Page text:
UK: 575 Wandsworth Road is a modest terraced house in London that is a work of art. Over two decades, Khadambi Asalache, a Kenyan-born poet, novelist, math philosopher and British civil servant, renovated the house and turned it into a breathtaking structure. The Wandsworth Road was known to be the home of Khadambi Asalache until he died in 2006. Following his death, Asalache left it to the National Trust, which opened the house as a museum for pre-booked guided tours.

Know here: Life story of Kenyan-born poet Khadambi Asalache


Khadambi Asalache was born in Kenya. Asalache studied architecture and fine art in Nairobi before immigrating to London in 1960. Asalache purchased the property in 1981 and began to fill the house with hand-carved embellished walls, each room highlighting his vision and artistry.

The impetus for this project was a commercial laundry next door moisture from the laundry led to wet basement walls. Asalache thought to mask the dampness by covering it up with wood panels.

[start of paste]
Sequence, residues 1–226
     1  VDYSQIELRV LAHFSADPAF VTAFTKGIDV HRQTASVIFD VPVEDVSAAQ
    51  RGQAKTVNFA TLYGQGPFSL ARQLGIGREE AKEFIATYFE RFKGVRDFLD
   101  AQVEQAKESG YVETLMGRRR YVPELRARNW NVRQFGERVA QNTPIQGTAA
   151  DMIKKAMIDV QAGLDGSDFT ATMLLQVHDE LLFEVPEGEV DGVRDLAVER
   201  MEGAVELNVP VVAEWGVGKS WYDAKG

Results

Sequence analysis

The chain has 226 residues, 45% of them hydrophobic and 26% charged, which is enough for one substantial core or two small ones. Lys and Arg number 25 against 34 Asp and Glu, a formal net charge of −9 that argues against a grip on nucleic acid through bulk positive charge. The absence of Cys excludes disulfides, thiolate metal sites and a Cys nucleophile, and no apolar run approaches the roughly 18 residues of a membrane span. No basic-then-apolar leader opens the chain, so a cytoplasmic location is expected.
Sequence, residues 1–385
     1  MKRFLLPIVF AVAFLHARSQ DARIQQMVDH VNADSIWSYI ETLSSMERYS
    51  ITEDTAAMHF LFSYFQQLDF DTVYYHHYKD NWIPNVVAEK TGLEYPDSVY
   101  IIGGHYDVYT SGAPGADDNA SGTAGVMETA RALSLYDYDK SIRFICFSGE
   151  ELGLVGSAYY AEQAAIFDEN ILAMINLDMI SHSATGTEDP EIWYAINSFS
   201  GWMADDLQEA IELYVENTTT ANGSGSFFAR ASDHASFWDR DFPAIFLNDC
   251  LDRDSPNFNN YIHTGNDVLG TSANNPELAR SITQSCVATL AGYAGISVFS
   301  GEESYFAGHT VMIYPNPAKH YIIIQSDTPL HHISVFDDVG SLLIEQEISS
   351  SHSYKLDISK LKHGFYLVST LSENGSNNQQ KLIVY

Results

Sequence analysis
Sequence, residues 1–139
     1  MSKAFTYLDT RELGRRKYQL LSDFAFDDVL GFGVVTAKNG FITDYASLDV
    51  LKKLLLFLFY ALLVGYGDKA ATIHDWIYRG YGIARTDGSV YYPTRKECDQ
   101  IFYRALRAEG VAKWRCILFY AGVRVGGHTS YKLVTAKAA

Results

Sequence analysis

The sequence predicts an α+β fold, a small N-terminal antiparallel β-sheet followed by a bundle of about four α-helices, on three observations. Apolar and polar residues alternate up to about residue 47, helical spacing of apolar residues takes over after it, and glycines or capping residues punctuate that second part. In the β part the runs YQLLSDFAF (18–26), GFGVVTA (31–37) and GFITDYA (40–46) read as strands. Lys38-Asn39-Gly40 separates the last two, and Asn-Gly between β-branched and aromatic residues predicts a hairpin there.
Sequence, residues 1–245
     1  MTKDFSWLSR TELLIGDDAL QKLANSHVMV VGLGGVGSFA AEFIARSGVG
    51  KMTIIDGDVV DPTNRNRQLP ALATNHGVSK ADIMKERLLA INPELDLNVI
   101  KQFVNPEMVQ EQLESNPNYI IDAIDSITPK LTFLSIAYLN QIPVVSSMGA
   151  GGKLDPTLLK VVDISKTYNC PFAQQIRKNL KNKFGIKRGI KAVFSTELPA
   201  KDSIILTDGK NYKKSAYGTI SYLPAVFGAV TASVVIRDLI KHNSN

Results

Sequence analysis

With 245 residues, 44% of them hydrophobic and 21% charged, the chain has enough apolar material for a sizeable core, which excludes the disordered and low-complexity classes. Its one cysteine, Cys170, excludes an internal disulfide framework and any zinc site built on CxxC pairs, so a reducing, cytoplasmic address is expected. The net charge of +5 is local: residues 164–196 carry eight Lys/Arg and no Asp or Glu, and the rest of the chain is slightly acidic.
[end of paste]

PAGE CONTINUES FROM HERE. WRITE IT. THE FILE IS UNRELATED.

Initially, he added pine floorboards to the damp wall but extended the wood coverings into an extensive art project. Using reclaimed wood, Asalache used a pad saw and drill to create artistic jewel box-like interiors reminiscent of rural Kenyan, Moorish and even Ottoman designs. He carved fretwork patterns and motifs into the wood by hand and complemented the woodwork with painted decorations, art, and books from his collection.

The work was inspired by the Great Mosque of Cordoba, the Alhambra in Granada, Zanzibar doors, Damascus interiors, and even water homes in Istanbul.

Over twenty years, he turned his home into a work of art, and in 2006 Mr Asalache passed away, leaving his home and all its contents to the conservation charity, the National Trust. With its core purpose to look after special places for everyone forever, 575 Wandsworth Road is now cared for and opened up by a small but dedicated staff and volunteers.


Please enter your comment!
Please enter your name here